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V.K.Y, G.K. and P.D. formulated the hypotheses and designed the studies. V.K.Y. performed mice experiments, gene expression, biochemical and histological analysis. S.B. and M.V. performed and analyzed the bioinformatics molecular modeling. V.K.Y. performed the mutagenesis experiments. P.S.S. and R.M. performed rat experiments and analyzed humoral parameters in rats. X.S.L., X.L. and X.E.G. performed and analyzed microCT and biomechanical testing experiments. Z.L. and M.D.G. analyzed gastrointestinal parameters. A.K.B. performed the in vitro serotonin synthesis inhibition experiments. J.J.M. analyzed brain serotonin contents. V.K.Y., G.K. and P.D. wrote the paper. All authors have approved the final version of the manuscript.
Osteoporosis is a low bone mass disease most often caused by an increase in bone resorption not compensated by a similar hike in bone formation1. Since gut–derived serotonin (GDS) inhibits bone formation2, we asked whether hampering its biosynthesis could treat osteoporosis through an anabolic mechanism. To that end we synthesized and used LP533401, a small molecule inhibitor of Tph1, the initial enzyme in GDS biosynthesis. Oral administration once daily for up to 6 weeks of this small molecule prevents the development of and fully rescues, in a dose–dependent manner, osteoporosis in ovariectomized rodents because of an isolated increase in bone formation. These results provide a proof of principle that inhibiting GDS biosynthesis could become a novel anabolic treatment for osteoporosis.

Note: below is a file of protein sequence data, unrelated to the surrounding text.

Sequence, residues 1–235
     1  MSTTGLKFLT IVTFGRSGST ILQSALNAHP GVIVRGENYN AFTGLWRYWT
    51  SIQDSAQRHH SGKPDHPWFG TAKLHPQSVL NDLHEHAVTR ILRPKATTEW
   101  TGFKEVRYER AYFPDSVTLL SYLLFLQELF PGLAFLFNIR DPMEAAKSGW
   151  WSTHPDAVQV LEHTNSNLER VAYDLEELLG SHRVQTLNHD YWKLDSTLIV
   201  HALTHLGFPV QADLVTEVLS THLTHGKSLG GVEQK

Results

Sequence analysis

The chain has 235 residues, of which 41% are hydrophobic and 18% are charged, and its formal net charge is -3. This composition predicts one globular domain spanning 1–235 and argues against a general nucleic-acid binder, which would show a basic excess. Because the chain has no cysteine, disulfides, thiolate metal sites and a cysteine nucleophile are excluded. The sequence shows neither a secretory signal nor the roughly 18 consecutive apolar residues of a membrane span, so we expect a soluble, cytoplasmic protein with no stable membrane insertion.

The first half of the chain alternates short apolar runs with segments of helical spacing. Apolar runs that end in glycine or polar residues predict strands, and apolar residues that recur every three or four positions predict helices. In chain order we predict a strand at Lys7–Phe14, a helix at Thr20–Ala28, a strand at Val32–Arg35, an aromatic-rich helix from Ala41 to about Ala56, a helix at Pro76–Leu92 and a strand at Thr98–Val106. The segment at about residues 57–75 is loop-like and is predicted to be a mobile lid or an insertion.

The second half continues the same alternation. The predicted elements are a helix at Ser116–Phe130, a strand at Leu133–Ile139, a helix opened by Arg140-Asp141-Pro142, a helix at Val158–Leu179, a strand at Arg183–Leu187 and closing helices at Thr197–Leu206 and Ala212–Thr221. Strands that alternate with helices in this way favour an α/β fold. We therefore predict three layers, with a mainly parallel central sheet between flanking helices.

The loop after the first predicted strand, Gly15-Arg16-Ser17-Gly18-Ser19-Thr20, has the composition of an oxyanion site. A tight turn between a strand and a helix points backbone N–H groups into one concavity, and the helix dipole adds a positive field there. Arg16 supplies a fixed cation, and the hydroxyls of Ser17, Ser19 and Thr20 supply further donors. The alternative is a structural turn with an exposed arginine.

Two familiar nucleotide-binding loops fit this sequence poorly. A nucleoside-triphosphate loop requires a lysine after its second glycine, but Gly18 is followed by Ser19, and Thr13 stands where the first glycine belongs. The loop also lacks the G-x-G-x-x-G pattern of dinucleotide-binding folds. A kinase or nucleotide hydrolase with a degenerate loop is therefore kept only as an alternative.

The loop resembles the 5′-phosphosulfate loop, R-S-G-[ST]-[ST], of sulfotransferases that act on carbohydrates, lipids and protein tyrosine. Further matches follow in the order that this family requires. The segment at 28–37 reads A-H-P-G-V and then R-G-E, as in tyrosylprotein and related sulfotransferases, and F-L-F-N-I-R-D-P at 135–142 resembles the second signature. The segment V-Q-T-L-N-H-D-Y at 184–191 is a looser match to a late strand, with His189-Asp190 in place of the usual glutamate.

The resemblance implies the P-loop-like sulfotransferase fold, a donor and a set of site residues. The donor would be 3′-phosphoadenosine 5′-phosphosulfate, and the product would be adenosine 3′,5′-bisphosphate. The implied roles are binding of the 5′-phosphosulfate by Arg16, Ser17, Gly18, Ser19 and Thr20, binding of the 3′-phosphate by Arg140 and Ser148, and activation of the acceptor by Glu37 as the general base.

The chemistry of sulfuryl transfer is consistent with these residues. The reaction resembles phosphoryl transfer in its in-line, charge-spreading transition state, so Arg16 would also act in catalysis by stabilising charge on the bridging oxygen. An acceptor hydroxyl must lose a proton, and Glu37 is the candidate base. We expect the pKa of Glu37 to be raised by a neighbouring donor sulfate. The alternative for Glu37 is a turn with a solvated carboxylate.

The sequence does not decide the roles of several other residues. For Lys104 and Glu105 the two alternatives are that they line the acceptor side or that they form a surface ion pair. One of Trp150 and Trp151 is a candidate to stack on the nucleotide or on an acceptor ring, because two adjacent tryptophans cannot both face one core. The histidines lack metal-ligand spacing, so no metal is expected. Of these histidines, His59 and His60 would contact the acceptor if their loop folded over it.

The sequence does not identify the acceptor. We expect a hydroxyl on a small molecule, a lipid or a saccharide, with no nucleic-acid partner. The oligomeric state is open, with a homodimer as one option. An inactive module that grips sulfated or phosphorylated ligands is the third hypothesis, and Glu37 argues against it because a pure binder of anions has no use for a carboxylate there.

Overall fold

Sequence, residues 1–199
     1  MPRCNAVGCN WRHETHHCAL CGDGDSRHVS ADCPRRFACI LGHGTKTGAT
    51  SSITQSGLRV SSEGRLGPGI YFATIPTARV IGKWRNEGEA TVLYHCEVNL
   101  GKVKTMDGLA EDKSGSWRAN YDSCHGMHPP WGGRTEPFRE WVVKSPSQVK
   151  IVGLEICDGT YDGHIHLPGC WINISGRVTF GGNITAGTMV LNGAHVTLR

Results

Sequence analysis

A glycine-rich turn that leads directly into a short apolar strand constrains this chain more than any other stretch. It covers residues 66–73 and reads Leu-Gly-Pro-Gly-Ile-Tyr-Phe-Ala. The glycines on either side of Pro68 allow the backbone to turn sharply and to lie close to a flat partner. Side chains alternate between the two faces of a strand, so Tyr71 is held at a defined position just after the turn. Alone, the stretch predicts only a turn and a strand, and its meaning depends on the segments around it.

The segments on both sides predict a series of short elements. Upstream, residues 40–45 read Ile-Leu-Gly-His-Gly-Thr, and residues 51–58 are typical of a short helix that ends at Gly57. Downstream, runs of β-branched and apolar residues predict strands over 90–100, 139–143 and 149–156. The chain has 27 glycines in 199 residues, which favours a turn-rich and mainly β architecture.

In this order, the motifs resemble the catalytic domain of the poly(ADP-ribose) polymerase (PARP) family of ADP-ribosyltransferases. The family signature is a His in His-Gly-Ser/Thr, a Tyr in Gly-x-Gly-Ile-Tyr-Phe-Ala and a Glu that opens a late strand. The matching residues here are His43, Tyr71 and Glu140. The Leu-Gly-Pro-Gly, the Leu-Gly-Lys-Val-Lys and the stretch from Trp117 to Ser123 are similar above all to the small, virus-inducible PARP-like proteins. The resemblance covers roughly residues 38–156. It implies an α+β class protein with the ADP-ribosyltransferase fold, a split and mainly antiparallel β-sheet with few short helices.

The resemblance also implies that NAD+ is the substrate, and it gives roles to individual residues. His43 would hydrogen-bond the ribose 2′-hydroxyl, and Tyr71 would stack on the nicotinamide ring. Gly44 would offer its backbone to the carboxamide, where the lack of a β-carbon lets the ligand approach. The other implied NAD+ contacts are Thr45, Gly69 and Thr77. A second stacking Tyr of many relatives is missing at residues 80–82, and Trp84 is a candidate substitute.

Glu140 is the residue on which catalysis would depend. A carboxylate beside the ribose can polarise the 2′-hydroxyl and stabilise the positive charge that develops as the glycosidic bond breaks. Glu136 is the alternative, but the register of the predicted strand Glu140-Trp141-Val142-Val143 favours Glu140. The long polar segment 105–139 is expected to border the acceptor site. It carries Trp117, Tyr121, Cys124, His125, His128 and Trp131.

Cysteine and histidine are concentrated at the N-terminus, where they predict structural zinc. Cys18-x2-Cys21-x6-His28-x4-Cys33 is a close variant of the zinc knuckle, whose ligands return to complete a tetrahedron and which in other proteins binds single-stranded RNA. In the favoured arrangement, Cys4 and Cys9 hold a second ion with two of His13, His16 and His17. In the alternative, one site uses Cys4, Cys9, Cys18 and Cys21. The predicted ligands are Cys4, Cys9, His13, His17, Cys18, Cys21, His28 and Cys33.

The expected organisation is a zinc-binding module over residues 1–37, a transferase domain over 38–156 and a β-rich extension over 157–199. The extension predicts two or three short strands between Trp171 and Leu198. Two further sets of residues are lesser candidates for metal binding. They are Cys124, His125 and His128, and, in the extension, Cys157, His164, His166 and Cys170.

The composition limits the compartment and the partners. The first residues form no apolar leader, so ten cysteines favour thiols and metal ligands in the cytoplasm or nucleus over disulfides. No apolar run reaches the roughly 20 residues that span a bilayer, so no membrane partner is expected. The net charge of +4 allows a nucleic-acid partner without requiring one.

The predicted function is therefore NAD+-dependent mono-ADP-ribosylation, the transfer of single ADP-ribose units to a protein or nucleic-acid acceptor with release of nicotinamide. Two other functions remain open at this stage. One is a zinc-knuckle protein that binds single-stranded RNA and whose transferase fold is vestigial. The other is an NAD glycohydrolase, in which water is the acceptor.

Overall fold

Gut-derived serotonin (GDS) is a powerful inhibitor of osteoblast proliferation and bone formation that does not affect bone resorption2. Thus inhibiting GDS biosynthesis could be a means to treat low bone mass conditions through a bone anabolic mode of action. LP533401 is a small molecule inhibitor of Tph1, the initial enzyme in the GDS biosynthesis, currently being tested at a dose of 100 mg per kg body weight for treatment of irritable bowel syndrome and no overt deleterious effects have been reported3. In vivo pharmacokinetic studies in rodents showed that LP533401 level in the brain is negligible following oral administration, indicating that it is virtually unable to cross the blood-brain barrier3,4. Thus, LP533401 appears to be a good tool to test the therapeutic potential of inhibiting GDS biosynthesis for low bone mass diseases.